Military Life Resources

Retirement benefits you need to use

Jessica Evans Avatar
retirement benefits

U.S. Army photo by Elizabeth Caraway.

Retirement from the military can be a major life event, and it comes with a lot of changes. Fortunately, there are many retirement benefits available to service members after they leave the military. These benefits can provide valuable support to help them transition to civilian life, manage their health and well-being, and build a secure future for themselves and their families. Let’s take a closer look at some of the benefits that are available. We can’t give you an exhaustive list of the benefits offered to retirees, but we can give you a good idea of what to expect and where to look.

VA Disability Benefits

For many veterans, the transition to civilian life can be challenging. Retirement often comes with finally dealing with injuries sustained during their service. Fortunately, the Department of Veterans Affairs (VA) has you covered. The VA provides disability benefits to eligible veterans, to help from with everything from medical needs to home loans. The best part? You can apply for benefits online. All you’ll need is that oft-coveted DD-214! As if that’s not enough, the VA can also hook you up with vocational rehabilitation to help build you skills and find your next career post-military.

Transition Benefits

The military provides a range of transition benefits to help service members prepare for civilian life. These benefits can include job training, resume writing assistance, and networking opportunities. The military also provides separation pay and other financial benefits to help ease the financial burden of transitioning to civilian life. These benefits are invaluable as you relearn that the rest of the world doesn’t get BAH from their jobs. The Transitional Assistance Management Program (TAMP) will cover your healthcare needs while you’re transitioning into retirement.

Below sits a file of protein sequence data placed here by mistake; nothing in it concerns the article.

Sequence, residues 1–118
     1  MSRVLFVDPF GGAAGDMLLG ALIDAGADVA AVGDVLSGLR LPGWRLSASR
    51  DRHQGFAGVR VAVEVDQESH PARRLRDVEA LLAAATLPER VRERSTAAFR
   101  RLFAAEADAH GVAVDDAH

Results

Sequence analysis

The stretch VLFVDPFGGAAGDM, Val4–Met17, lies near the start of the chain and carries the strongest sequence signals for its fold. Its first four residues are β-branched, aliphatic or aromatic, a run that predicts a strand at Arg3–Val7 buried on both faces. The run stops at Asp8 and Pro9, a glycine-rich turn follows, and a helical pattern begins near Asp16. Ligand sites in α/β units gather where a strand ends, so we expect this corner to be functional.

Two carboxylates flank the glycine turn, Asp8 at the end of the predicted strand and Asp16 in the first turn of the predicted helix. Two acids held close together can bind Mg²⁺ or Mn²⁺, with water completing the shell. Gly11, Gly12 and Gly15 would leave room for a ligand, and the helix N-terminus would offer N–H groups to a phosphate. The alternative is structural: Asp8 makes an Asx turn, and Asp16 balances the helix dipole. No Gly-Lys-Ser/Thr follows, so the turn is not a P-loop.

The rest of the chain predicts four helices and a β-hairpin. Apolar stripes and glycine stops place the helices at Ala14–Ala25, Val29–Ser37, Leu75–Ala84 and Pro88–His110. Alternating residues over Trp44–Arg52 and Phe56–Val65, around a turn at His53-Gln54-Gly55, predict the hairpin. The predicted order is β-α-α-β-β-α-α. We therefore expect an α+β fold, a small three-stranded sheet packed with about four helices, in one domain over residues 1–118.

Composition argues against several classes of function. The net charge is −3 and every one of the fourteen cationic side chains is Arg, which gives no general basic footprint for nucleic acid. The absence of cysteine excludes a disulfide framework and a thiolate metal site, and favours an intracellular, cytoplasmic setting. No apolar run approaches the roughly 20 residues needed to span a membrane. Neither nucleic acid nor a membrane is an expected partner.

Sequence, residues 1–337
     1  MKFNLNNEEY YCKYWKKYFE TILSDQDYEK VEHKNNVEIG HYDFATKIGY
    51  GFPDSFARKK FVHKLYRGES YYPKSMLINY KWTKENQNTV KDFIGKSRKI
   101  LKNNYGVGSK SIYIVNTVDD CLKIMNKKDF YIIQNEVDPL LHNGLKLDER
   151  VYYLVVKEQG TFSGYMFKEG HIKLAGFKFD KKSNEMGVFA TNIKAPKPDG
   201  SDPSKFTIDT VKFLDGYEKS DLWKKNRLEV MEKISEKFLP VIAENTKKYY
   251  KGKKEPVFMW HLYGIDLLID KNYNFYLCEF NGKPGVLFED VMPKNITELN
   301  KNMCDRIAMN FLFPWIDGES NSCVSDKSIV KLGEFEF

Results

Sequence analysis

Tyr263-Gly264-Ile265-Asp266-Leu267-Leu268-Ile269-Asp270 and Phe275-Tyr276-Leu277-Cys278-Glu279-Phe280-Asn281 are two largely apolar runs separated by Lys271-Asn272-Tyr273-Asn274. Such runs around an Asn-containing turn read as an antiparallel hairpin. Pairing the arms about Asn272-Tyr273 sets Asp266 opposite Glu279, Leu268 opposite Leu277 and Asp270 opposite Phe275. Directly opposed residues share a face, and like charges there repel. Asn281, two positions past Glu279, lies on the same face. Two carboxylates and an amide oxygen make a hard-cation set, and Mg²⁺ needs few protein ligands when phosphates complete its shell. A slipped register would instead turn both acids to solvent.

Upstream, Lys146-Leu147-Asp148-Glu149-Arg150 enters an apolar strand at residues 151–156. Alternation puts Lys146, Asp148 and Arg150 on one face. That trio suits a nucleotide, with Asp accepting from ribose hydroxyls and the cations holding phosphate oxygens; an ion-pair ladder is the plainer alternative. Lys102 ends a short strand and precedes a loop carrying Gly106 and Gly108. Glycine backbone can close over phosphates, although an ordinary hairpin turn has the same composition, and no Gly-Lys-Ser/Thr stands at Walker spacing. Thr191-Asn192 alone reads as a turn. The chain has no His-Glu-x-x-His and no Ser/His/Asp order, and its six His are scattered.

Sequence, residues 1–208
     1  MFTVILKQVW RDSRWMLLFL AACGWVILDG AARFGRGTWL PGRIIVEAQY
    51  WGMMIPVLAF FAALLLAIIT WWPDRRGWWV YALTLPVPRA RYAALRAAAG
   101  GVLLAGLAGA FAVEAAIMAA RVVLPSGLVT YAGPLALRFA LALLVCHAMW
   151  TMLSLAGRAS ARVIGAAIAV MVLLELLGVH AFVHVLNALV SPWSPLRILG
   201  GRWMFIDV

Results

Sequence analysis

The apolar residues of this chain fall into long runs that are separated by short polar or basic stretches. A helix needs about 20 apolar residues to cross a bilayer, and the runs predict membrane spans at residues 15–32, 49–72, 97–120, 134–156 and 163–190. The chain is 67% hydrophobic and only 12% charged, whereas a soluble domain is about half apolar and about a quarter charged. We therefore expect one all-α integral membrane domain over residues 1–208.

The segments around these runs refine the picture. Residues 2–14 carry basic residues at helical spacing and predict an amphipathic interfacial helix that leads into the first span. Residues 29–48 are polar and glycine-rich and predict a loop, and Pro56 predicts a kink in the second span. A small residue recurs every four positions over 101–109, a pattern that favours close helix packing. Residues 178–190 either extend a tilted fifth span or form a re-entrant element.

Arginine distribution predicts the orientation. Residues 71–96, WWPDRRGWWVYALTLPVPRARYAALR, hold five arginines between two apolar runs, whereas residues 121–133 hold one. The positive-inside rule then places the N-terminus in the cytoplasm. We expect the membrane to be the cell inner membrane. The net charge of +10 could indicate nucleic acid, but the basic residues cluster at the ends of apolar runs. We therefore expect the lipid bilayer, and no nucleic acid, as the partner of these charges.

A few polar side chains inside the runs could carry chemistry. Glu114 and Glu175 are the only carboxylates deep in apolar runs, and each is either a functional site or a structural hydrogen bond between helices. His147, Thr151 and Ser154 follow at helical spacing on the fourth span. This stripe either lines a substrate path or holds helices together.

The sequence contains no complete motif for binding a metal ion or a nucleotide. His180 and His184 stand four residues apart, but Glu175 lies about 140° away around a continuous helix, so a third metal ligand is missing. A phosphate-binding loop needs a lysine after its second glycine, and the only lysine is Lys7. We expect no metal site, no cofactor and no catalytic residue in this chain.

GI Bills and Education

Retirement doesn’t necessarily mean spending your days on the porch in a rocking chair. For some, it can mean the start of a new career and learning new skills. Qualifying for GI benefits means you could get help paying for your education should you want to pursue a degree. It’s important to note that there are different GI Bills, and you can only benefit from one.

To be eligible for Post-9/11 GI benefits, you need have been on active duty for at least 90 days before 9/11. To receive Montgomery GI Bill benefits, you must have been on active duty for at least two years. The Montgomery GI Bill Selected Reserve is for service member who were in the reserves for at least 6 years.

military retirement benefits for school
The military offers an array of education and retirement benefits for members, their families and civilian contractors to further their education. (U.S. Air Force photo by Airman 1st Class Daniel Snider)

VA Home Loans

The VA also provides home loan benefits to eligible veterans, which can help them purchase a home or refinance their existing mortgage. These benefits can include low interest rates, no down payment requirements, and no mortgage insurance premiums. The VA home loan program has helped millions of veterans become homeowners, and it can be a valuable resource for those who are looking to buy a home or refinance their existing mortgage. The best part? You don’t have to wait until retirement to take advantage of this benefit!

Support for Your Small Business

For retirement-era veterans who are interested in starting their own business, the Small Business Administration (SBA) provides a range of resources and support. The SBA offers business training, counseling, and funding opportunities, as well as access to government contracts and other resources. These benefits can help veterans start and grow their businesses, create jobs, and more. Entrepreneurs are a big part of what keeps America going. If you decide to start your own business once you separate from the military, you may have advantages when bidding on government contracts. A retired service member must own the majority share of the company (51% or more) and have full control of day-to-day management.

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